The recent rise in the interest rate raised several questions, especially after a long-term decline in interest rates. Some said it is the end of low-interest rates and cheap money; others state that things are finally returning to normal, and others argue that this is just a temporary phase. But what is it? To understand whether this is temporary or not, we have to know why interest rates were low and why they are increasing.
Over the past months, inflation rates have skyrocketed. UK inflation rates hit 9.1%, a new 40- year high, USA inflation rate hit 8.6%, Euro inflation rate hit 8.1%, and ASEAN countries are experiencing an inflation rate of 4.4%, all above the average rate of 1-3%. The cause has been attributed to multiple factors. Some emphasized certain elements over others, but we will not dwell on that.
The factors are the rise of energy and commodity prices, supply chain disruption, return of demand, and covid fiscal policies. For the governments to combat inflation, they raised interest rates. This, in effect, reduces the money supply, reducing inflation rates. As such, we've seen the USA increasing interest rates by 75 basis points, an equivalent of +0.75%, and the UK increasing interest rates by 25 basis points, an equivalent of +0.25%.
However, this rise of an interest rate rise is temporary. Once the inflation rate returns to normal -expected by next year- interest rates will likely return to normal. This is because the cause of the decrease in interest rates is a structural one. Over the past decades, the opportunity for growth and investment has declined.
This is due to technological and demographical elements. In some industrial countries, the working-age population has been decreasing as the population ages, untapped labor like that of China and India has now been utilized, and China's population is also ageing. Female workers have been included in most economies. This has decreased the growth of the working-age population and labor potential meaning weakening demand and consumption.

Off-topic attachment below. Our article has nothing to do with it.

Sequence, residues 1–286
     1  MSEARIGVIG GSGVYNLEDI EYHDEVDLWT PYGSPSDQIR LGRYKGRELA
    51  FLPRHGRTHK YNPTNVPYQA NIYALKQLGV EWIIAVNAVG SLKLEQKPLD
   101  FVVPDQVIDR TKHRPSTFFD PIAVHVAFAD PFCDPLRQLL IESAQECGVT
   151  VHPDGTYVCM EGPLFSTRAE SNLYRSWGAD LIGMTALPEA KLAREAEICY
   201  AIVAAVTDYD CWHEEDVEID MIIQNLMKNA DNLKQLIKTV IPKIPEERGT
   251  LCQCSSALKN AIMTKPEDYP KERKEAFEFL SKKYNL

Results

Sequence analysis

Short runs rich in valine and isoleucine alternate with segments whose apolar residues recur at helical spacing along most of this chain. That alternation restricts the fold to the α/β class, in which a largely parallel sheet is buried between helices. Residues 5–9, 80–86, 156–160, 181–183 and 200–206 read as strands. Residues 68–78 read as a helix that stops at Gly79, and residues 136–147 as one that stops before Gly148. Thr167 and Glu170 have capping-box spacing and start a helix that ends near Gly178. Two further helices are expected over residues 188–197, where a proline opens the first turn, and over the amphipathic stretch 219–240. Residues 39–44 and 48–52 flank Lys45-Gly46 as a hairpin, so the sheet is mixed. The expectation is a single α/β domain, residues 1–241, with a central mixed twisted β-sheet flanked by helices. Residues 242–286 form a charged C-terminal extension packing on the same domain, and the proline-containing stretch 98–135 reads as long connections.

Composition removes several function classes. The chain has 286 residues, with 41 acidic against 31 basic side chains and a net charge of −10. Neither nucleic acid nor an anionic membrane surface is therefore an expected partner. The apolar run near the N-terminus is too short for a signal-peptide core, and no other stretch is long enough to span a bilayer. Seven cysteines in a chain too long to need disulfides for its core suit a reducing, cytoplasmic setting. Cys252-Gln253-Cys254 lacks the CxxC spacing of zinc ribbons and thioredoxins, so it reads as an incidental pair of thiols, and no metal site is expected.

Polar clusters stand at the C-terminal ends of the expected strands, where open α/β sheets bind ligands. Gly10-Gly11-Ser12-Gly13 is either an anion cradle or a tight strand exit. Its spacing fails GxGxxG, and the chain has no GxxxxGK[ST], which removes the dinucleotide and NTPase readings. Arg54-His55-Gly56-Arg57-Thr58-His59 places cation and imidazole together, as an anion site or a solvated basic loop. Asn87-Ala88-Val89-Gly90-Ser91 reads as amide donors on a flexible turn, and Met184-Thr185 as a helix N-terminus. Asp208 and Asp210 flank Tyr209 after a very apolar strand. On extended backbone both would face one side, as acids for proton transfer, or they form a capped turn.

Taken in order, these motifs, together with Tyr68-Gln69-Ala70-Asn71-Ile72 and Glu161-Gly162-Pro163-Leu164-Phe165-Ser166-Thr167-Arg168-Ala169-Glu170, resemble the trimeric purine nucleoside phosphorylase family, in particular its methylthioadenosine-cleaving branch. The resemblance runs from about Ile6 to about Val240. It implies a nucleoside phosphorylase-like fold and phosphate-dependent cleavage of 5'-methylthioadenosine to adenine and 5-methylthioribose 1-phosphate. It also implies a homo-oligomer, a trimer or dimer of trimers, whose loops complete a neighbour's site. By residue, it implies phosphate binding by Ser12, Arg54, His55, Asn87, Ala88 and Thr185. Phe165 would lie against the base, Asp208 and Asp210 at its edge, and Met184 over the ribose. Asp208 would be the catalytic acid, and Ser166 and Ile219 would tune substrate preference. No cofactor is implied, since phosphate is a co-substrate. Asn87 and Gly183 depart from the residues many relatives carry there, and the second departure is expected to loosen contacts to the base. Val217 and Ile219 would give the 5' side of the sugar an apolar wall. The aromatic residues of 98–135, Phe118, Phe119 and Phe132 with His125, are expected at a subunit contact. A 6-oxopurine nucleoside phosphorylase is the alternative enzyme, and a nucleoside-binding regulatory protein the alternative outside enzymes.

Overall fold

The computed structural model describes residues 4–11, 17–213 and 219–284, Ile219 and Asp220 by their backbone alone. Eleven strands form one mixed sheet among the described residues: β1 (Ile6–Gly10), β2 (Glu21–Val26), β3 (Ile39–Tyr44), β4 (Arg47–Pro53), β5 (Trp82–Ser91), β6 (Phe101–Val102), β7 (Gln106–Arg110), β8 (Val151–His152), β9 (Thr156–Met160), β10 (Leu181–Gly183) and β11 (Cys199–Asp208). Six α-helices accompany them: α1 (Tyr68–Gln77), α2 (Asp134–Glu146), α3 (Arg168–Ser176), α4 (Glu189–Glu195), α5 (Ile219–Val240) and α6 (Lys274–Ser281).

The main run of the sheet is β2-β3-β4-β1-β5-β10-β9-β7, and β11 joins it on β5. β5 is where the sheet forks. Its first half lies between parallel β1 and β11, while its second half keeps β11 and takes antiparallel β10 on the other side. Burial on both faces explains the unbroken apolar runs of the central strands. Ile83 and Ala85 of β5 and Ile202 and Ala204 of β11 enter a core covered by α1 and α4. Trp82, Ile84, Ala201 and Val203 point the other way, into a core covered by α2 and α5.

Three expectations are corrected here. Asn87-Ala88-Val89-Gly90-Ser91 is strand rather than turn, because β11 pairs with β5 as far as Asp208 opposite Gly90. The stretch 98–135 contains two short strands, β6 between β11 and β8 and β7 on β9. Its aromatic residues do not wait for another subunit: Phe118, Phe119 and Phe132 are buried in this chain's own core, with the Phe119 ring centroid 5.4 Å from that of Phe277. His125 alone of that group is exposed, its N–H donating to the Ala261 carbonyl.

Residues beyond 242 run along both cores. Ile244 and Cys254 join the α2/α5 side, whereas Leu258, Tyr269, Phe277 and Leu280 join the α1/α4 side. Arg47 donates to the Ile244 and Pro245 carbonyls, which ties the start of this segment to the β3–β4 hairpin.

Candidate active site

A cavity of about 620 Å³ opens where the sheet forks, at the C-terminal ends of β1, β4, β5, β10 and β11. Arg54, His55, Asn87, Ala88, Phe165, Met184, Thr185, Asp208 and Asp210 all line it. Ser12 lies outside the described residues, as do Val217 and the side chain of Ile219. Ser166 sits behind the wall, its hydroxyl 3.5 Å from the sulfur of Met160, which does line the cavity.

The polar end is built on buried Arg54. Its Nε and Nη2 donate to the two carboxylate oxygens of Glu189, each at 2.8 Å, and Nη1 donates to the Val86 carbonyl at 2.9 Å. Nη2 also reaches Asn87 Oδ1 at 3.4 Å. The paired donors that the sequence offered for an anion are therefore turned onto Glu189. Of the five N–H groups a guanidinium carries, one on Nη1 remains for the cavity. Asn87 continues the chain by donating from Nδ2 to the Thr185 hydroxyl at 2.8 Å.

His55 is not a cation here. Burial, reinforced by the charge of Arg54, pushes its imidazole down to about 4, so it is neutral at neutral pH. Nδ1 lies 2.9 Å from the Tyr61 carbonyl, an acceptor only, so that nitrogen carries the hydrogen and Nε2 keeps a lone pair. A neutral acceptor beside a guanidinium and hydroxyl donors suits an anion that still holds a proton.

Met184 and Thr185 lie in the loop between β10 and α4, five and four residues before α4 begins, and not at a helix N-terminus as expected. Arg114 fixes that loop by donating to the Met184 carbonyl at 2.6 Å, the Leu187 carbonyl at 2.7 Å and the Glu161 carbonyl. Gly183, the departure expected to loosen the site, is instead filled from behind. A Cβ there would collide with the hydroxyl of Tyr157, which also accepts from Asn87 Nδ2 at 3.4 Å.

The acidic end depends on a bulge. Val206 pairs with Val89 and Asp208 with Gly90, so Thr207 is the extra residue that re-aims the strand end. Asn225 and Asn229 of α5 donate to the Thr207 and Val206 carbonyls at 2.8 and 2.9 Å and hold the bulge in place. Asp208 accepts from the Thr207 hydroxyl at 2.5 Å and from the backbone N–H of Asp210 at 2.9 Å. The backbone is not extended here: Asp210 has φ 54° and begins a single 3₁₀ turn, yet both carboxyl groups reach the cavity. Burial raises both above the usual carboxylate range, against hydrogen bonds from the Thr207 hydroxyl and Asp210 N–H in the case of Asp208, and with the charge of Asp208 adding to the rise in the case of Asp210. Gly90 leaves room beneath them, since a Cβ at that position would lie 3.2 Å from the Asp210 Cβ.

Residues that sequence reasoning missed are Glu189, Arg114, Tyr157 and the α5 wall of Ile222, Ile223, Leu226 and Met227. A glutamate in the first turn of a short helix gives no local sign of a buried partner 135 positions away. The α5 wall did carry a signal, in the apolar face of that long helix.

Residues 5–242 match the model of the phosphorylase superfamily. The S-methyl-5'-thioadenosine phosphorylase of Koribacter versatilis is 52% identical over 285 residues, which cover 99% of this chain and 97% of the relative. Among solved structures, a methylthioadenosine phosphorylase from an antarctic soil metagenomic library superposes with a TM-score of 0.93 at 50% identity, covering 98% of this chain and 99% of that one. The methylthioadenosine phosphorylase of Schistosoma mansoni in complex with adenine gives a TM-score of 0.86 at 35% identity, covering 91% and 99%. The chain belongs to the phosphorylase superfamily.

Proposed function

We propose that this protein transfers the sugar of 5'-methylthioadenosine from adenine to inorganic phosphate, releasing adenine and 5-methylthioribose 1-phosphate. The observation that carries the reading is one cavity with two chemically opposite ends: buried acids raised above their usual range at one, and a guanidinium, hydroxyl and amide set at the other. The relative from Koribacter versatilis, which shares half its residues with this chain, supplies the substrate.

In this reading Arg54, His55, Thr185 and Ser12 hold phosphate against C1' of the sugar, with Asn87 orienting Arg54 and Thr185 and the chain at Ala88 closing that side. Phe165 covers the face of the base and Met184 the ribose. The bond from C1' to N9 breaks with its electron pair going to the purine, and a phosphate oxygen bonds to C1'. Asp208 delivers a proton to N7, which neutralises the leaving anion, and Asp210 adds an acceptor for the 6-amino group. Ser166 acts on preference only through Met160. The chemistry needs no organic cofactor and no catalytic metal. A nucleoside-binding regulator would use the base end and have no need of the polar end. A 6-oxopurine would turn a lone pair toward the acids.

Furthermore, technologies such as electronic commerce have reduced the need for malls, and physical buildings, as we have seen with Britain's high street shops going extinct. In addition, apps like Airbnb caused a decline in hotel patronage. In summary, new technologies have made the use of resourcesmore efficient.
All these factors reduce investment demand and are multiplied by the effect of investors and consumers waiting even more before investing with the expectation that interest rates will fall. Another side into which we will not dive is the rise of saving. Now, we have all this money that's not being used and absorbed back into the economy. To keep the economies flowing and stimulate demand and investment, the governmentshave reduced interest rates to increase the money supply in the economy and stimulate activity.
Due to covid’s not having changed any structural and societal institutions, it is hard to believe that things will miraculously change and that interest rates will return to normal as if the economy were fixed. Expected interest rates are higher, but this is just temporary. In all probability, interest will return to its sluggish tendency after inflation rate returns to 3%.